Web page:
In order to gauge award recipients, the Pebble Beach Concours enlisted many of the design studio heads from Southern California. The judging staff was a virtual Who's Who of automotive design. This was more-or-less a class reunion of Art Center College of Design in Pasadena, and Center for Creative Studies in Michigan. Given the diversity of tastes and autos to choose from, it would've been of a hoot to see who gave what score to which cars (and why). The dream team of judging panels included numerous industry luminaries such as Tom Gale, Chuck Jordan, Robert Lutz, J Mays, and Jack Telnack as well as others.

Another remarkable display was one-off studio concepts from the GM vaults, including the Buick Y Job and Wildcat. These were precursors to the direction GM wanted to travel and are so telling now in looking back.

Filtering through the shutterbugs on the damp and foggy day was no easy task. Stumbling across cars like a cherry DeTomaso Mangusta, you have to pause and hear the saga of its resurrection by the owner, and reflect in the glow of its bright chrome, paint and sexy Italian bodywork. Also noteworthy was the absence of rust on the rockers and the taillight replacement parts from Fiat. The dozens upon dozens of cars all have a story to tell and a proud owner willing to spin the tale.

Finally, the parade of cars filed past. The first, second and third place finishers in each category made their way past the bleachers to allow all a good look. Unfortunately too many a spectator chose to ignore the chained areas and traverse the green, nearly becoming one with the grillwork of a few cars on the move.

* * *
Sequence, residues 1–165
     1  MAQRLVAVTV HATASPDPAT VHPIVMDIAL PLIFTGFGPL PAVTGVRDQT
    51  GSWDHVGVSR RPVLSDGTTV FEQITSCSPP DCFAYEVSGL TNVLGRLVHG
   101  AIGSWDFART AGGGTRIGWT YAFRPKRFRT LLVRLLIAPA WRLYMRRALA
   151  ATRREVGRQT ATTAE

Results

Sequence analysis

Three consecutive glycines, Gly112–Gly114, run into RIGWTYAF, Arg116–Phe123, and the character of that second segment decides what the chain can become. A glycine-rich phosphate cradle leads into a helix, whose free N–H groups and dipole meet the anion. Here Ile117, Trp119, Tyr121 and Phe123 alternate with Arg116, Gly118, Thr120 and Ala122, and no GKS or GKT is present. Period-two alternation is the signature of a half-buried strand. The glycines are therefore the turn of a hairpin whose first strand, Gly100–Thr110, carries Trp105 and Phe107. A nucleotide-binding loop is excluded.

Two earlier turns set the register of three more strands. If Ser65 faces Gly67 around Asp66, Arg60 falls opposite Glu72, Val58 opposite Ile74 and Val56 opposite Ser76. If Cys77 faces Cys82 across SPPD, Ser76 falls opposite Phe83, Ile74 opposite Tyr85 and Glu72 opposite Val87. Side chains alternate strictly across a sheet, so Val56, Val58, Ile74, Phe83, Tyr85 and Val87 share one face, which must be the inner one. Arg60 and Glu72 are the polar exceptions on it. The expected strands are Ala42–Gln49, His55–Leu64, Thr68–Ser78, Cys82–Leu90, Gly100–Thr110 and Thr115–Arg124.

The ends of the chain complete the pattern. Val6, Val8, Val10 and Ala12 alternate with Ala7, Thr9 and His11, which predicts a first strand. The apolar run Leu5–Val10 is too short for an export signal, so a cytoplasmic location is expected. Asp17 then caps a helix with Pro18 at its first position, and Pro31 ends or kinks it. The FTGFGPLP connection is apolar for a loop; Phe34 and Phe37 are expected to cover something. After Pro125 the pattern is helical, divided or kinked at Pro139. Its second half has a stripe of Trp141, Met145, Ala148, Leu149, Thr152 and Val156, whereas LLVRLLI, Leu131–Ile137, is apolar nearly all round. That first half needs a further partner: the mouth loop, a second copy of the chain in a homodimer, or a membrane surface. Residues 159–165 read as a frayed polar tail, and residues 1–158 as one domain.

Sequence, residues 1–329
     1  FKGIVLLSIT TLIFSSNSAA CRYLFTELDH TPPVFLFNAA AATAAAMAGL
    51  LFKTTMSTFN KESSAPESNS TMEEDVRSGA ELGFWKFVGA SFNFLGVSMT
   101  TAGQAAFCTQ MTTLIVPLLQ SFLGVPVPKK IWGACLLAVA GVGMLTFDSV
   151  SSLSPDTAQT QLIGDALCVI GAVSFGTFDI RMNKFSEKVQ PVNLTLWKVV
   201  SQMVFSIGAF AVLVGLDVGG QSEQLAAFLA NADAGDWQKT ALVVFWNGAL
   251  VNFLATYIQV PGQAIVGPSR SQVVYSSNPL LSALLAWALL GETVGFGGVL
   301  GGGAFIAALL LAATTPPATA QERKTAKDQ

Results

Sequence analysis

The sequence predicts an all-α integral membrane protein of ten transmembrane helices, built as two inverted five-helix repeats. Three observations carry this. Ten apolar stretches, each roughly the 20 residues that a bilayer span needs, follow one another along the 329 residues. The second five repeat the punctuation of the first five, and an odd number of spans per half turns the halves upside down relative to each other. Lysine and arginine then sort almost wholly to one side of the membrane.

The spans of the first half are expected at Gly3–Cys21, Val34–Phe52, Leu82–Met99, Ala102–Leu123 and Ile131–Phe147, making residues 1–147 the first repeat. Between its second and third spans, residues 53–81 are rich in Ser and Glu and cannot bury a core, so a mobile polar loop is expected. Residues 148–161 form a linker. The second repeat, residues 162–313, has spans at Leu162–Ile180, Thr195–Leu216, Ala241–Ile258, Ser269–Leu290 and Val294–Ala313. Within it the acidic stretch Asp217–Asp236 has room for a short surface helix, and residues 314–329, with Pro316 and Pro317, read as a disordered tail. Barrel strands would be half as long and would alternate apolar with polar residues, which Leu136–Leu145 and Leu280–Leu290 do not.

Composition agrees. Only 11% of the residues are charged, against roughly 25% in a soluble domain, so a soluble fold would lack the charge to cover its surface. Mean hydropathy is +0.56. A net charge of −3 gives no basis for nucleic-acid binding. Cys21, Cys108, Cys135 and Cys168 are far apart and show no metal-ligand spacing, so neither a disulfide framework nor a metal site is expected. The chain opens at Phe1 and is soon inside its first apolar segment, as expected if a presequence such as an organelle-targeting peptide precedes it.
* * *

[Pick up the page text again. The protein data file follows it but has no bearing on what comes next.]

Was it the owners or the crowd on hand that were the real winners that Sunday? I am still not sure. I never thought I would have seen so many cars of the caliber that this weekend provided. As usual, the trip home felt longer than the miles on the Infiniti's odometer indicated. Was it just the typical traffic on the southbound 405 through LA? Perhaps. I could argue that an extra hour bottled up in traffic is just a drop in the bucket. There is but another 8,736 hours until the next Pebble Beach Concours. Thanks Bing. Thanks Bob. It's been one helluva ride.

Please check these various sites for more information on: Pebble Beach Concorso Italiano RM Auctions Infiniti automobiles